When facing criminal charges, one of the hardest things to cope with is the loss of your rights and freedoms. Few people are aware of asset forfeiture laws that allow law enforcement to seize your car, money, or other items they suspect are associated with a crime. This is particularly common in cases where drug crimes are alleged, but it can occur in other types of criminal matters as well.
Asset Forfeiture in Criminal Cases
In criminal matters, asset forfeiture laws allow police and prosecutors to take any type of property you own if it is suspected of being involved in a crime. Under the California Uniform Controlled Substances Act, it is frequently used in drug crimes cases. There are three classifications of property or assets which may be seized:
- Property Used in the Commission of a Crime:This includes drug paraphernalia and cars, bikes, boats, or other vehicles that may have aided in distribution.
- The Property Associated with a Crime:This includes cash or money in bank accounts which may have been intended to fund a criminal act.
- Property Received as a Result of a Crime:This includes any profits you made, as well as items you may have purchased with the profits.
Federal, state, and local agencies can make significant amounts of money through asset forfeiture, which is typically funneled into areas such as crime prevention programs, victims funds, and purchasing additional equipment. However, there is plenty of controversy surrounding the practice.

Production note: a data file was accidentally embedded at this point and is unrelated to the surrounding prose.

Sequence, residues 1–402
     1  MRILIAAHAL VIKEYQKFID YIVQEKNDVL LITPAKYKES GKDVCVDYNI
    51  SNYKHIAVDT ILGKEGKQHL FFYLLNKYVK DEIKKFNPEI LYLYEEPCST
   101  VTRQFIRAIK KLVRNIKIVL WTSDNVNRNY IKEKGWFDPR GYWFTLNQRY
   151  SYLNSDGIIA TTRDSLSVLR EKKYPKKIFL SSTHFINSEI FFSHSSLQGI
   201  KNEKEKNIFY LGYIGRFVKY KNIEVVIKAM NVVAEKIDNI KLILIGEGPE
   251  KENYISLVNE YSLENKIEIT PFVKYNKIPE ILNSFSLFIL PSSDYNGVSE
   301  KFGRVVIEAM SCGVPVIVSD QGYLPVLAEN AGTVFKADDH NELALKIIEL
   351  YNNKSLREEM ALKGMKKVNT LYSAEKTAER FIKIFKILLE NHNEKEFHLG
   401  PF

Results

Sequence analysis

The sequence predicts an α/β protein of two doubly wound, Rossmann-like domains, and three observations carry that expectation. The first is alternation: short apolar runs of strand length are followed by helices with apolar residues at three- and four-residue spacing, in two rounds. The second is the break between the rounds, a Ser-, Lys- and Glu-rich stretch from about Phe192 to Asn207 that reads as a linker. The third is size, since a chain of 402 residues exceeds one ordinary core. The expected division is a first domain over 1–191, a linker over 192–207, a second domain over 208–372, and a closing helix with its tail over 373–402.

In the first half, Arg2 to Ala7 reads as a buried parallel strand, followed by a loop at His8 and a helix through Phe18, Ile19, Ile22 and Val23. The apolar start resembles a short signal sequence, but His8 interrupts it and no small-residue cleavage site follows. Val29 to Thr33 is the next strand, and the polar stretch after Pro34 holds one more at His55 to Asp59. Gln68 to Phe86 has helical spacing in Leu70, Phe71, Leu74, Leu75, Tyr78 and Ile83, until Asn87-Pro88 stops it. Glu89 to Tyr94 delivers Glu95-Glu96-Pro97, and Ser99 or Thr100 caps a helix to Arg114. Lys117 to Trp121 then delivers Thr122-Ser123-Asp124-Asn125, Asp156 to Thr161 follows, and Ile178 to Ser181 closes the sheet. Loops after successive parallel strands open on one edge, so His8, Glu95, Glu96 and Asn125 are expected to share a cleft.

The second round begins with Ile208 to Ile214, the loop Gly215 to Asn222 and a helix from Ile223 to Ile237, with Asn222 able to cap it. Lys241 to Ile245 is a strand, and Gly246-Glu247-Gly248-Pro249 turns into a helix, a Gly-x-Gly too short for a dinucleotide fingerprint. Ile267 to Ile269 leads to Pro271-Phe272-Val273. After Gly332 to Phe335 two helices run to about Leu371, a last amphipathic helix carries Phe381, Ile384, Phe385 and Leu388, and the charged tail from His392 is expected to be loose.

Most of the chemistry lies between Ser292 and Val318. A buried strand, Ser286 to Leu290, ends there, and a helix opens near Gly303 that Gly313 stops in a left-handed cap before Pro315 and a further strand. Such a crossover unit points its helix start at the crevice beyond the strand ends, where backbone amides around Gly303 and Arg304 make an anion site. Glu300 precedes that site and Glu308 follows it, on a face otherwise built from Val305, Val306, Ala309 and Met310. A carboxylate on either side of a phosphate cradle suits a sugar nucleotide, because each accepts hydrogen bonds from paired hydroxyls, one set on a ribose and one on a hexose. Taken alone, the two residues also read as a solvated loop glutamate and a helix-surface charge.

One of the biggest complaints is that you do not need to be convicted or a crime to have property and assets seized. Another negative is that it often impacts innocent third parties. If a car is used in the commission of a crime, it can subject to asset forfeiture despite the fact that it is in another person’s name who had no knowledge of the crime or that it occurred.
Defending Yourself Against Asset Forfeiture
In addition to drug crimes, asset forfeiture may be used in relation to other criminal matters. This includes gang-related crimes or any organized activities, online thefts, robbery, and white-collar crimes, such as embezzlement. When a criminal act rises to the federal level, the Federal Bureau of Investigation (FBI) may also get involved, taking possession of property and assets as a way to punish perpetrators, deter criminal activities, and dismantle criminal organizations.
Asset forfeiture is a civil matter, meaning that it is separate from criminal proceedings. This is why the government can retain possession of your property, regardless of whether you are convicted or even formally charged with a crime. When facing these types of actions, you need an attorney who is experienced in both civil and criminal law.
Contact Our San Jose Attorneys Today for Help
With decades worth of combined experience in handling both civil and criminal matters, Jachimowicz Law Group has the knowledge and skill needed to protect you in cases involving assets forfeiture. Call 408-246-5500 or contact our skilled San Jose criminal defense attorneys online today to request a consultation.